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Accounting and Regulation and Ethics, Oh My!

Mary-Jo Kranacher, MBA, CPA, CFE

As NYSSCPA staff members traveled around New York State informing CPAs and other financial professionals about recent legislative reform, they began each session by explaining the history of the accounting profession. It went something like this:

  • In the late 1800s, the United States transformed from an agricultural society to an industrial one. Equity and debt financing became an integral part of larger corporate entities whose managers were not necessarily the owners. To enhance the integrity of the value of the stocks and bonds, detailed record-keeping systems were devised. As a result, individuals with specialized accounting knowledge were needed to help third-party investors rely on the financial information. And so the CPA profession was born.

This history points to the accounting profession's raison d'être—the public trust. Yet if we examine our recent history, we can see that this noble cause sometimes gets lost in the rush to a different set of values and priorities—a fatter bottom line. Every time unscrupulous behavior deals a blow to our financial markets, our leaders vow to implement stronger regulations. It wasn't long ago that the Sarbanes-Oxley Act was passed in response to the Enron and WorldCom scandals, supposedly marking the end of self-regulation for CPAs.

Over the past several years, the accounting profession has attempted to refocus on the purpose that initiated our professional existence. Ethics content has been added to college-level accounting courses and in most states CPAs are required to complete continuing professional education (CPE) in accounting ethics. But how should a CPA handle an ethical dilemma in the real world? Let's discuss some practical guidelines to follow when confronted with such a situation.

Steps to Resolution

The first step to resolving a problem is to recognize that an ethical question exists. This may sound simplistic, but ethical standards are dynamic and not always intuitive. For example, years ago CPAs were not permitted to advertise their services, but today this is readily accepted as a standard business practice. Keeping abreast of current rules and regulations is critical to knowing if a situation may present a problem.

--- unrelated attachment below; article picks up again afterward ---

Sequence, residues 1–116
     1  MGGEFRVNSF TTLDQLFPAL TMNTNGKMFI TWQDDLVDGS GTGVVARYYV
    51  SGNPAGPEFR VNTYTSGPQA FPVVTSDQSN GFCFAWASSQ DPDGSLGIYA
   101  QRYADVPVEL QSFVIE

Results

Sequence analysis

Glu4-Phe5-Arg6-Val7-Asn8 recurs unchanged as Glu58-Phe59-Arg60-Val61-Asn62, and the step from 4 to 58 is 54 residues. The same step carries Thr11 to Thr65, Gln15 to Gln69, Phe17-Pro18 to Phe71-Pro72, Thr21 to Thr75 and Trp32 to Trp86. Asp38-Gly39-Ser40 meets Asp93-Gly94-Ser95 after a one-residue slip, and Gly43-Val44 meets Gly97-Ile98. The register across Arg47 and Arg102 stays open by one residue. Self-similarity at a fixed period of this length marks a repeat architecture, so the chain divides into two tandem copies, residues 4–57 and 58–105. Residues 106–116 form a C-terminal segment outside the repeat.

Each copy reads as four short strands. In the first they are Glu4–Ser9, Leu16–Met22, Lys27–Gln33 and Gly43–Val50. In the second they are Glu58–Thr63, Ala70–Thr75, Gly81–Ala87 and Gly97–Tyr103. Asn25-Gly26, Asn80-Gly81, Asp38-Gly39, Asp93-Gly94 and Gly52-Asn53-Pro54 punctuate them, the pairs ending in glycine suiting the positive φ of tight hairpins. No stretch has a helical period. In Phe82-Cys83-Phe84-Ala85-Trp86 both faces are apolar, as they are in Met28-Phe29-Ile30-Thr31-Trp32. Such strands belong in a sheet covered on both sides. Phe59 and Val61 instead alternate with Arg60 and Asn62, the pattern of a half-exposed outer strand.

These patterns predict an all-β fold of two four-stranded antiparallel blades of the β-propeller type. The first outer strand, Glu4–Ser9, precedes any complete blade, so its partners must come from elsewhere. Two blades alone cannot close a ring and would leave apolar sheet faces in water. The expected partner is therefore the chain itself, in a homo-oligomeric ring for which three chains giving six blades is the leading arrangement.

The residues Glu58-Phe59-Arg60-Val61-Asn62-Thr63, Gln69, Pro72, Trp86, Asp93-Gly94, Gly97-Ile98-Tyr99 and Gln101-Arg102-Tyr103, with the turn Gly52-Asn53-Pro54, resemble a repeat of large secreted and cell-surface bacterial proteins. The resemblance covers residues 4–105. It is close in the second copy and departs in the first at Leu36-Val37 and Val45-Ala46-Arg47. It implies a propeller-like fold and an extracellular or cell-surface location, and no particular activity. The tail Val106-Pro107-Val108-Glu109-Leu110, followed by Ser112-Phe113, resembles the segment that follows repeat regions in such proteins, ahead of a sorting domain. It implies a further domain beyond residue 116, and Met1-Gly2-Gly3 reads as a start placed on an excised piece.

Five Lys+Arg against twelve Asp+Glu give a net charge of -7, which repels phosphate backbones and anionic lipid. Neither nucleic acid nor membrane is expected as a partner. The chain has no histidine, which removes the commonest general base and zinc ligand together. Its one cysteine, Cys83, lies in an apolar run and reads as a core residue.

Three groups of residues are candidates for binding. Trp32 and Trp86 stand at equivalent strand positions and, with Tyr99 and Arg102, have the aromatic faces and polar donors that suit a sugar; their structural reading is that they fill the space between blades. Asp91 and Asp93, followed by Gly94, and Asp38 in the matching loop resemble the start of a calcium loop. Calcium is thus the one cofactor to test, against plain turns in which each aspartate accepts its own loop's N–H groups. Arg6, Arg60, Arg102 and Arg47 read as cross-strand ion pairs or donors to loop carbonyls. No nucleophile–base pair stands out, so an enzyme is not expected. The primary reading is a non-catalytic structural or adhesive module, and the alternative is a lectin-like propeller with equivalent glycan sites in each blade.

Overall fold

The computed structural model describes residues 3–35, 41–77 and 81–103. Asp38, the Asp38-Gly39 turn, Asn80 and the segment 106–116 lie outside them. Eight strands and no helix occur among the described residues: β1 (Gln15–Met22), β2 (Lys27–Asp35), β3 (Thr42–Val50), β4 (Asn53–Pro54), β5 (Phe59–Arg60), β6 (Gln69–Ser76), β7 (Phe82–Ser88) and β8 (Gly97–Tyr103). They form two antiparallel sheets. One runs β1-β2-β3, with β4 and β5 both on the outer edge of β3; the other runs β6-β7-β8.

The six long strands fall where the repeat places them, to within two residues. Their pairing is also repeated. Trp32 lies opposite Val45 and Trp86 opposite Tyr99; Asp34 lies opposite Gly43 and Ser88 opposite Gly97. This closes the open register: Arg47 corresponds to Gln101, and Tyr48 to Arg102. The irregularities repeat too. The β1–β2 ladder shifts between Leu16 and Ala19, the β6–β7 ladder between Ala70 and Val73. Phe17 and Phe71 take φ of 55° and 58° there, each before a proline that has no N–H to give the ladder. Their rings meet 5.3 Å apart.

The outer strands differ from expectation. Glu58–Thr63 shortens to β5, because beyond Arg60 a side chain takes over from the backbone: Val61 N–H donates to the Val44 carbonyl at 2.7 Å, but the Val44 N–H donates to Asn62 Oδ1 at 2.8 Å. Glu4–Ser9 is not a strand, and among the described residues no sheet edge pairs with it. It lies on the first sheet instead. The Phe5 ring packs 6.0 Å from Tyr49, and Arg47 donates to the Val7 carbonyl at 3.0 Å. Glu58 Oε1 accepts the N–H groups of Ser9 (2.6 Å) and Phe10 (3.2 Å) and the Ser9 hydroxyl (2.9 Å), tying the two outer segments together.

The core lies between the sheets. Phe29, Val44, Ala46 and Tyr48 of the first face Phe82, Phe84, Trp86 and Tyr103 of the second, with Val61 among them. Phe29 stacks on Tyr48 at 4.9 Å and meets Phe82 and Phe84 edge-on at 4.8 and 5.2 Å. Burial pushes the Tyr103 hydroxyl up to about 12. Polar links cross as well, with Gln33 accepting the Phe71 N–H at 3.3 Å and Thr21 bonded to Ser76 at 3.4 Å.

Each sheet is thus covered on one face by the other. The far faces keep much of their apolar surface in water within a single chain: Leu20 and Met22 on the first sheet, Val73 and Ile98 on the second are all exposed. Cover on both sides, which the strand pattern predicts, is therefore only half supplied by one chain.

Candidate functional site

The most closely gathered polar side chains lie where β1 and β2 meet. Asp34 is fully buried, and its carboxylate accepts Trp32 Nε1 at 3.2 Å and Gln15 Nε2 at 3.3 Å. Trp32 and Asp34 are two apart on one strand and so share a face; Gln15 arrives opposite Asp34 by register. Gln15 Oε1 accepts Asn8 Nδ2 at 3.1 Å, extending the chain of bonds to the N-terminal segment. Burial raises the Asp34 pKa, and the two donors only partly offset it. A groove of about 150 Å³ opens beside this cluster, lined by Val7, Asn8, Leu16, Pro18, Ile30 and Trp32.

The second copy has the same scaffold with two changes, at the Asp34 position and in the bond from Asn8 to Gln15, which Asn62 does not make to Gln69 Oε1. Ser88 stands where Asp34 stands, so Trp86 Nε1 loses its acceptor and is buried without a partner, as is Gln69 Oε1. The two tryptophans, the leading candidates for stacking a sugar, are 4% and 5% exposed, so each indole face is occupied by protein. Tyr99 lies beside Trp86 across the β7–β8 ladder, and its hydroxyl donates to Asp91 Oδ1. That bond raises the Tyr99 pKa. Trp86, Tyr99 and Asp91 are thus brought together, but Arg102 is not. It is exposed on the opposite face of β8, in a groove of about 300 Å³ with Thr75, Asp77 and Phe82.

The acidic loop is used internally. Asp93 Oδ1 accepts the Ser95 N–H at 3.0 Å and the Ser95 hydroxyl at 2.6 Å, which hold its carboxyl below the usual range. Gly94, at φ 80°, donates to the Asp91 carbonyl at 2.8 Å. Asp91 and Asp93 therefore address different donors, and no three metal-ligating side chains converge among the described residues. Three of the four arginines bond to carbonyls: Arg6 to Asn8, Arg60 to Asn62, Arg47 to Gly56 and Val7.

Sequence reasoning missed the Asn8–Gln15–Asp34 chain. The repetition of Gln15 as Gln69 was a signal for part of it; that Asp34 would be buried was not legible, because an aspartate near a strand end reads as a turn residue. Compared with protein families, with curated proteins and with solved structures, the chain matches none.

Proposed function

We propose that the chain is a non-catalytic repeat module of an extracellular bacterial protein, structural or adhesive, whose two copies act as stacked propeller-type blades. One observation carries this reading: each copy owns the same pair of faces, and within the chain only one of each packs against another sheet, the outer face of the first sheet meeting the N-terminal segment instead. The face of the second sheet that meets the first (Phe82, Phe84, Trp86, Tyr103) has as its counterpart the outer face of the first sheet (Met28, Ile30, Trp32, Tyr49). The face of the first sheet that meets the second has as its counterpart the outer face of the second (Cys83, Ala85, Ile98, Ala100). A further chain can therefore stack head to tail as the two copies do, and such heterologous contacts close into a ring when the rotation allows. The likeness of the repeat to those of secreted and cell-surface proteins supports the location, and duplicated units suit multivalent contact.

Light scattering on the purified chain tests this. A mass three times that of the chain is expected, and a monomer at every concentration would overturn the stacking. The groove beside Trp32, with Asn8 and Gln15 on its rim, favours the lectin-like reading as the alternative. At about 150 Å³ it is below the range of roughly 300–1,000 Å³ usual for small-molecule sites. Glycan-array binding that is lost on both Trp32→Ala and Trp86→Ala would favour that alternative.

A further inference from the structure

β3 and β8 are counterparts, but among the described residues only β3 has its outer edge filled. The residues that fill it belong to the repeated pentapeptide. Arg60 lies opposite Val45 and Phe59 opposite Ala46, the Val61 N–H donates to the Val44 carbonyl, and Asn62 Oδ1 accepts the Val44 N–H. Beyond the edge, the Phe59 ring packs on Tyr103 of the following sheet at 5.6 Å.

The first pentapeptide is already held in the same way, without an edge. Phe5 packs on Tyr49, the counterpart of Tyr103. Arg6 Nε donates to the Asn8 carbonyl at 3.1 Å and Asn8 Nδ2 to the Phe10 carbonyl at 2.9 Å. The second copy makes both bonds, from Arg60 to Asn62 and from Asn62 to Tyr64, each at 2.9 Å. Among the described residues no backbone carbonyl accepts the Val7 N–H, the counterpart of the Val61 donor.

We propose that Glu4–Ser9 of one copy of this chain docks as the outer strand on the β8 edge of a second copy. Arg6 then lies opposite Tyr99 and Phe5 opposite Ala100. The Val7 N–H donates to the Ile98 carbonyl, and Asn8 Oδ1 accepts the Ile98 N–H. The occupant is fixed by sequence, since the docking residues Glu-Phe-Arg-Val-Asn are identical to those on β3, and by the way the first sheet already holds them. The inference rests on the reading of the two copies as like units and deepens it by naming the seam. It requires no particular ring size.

Next, consider what approaches you as a CPA could take to resolve the issue. You'll want to ensure that you have access to all the relevant facts and can identify who may be affected by your decision. The stakeholders could be anyone who will be impacted—positively or negatively. Think about how each party might be affected in the scenarios under consideration. Then, drawing on your education and experience, use your best judgment to make a choice with which you can feel comfortable. Apply the following test: How would you feel if your decision were printed on the front page of your daily newspaper?

Lastly, before choosing one of your options, check to ensure that it is in compliance with current rules, regulations, and laws. Keep in mind Rule 102-4 of the AICPA Code of Professional Conduct, which “prohibits a member from knowingly misrepresenting facts or subordinating his or her judgment when performing professional services.” The rule goes on to state: “If, after discussing his or her concerns with the appropriate person(s) in the organization, the member concludes that appropriate action was not taken, he or she should consider his or her continuing relationship with the employer.”

Difficult Decisions

Even if you answer one ethical question, there may be other lingering issues that make it impossible to continue with the employer or client. Resigning from the job or engagement is certainly not something to be taken lightly, especially when the unemployment rate is almost at 10%. Maintaining documentation as the situation unfolds is essential, and you should also consider whether you need to consult with an attorney on the matter.

Legislative reform has expanded the scope of public accountancy to include accounting, tax, financial planning, and management advisory services; the public is expecting CPAs to be objective and professionally competent, and to exhibit integrity in all their work, whatever the context.

It's unrealistic to expect that rules and laws will anticipate every possible situation. When it comes to resolving ethical dilemmas, CPAs have the brains and heart to know, and do, the right thing—if only we can muster the courage.

Mary-Jo Kranacher, MBA, CPA, CFE. Editor-in-Chief.

 
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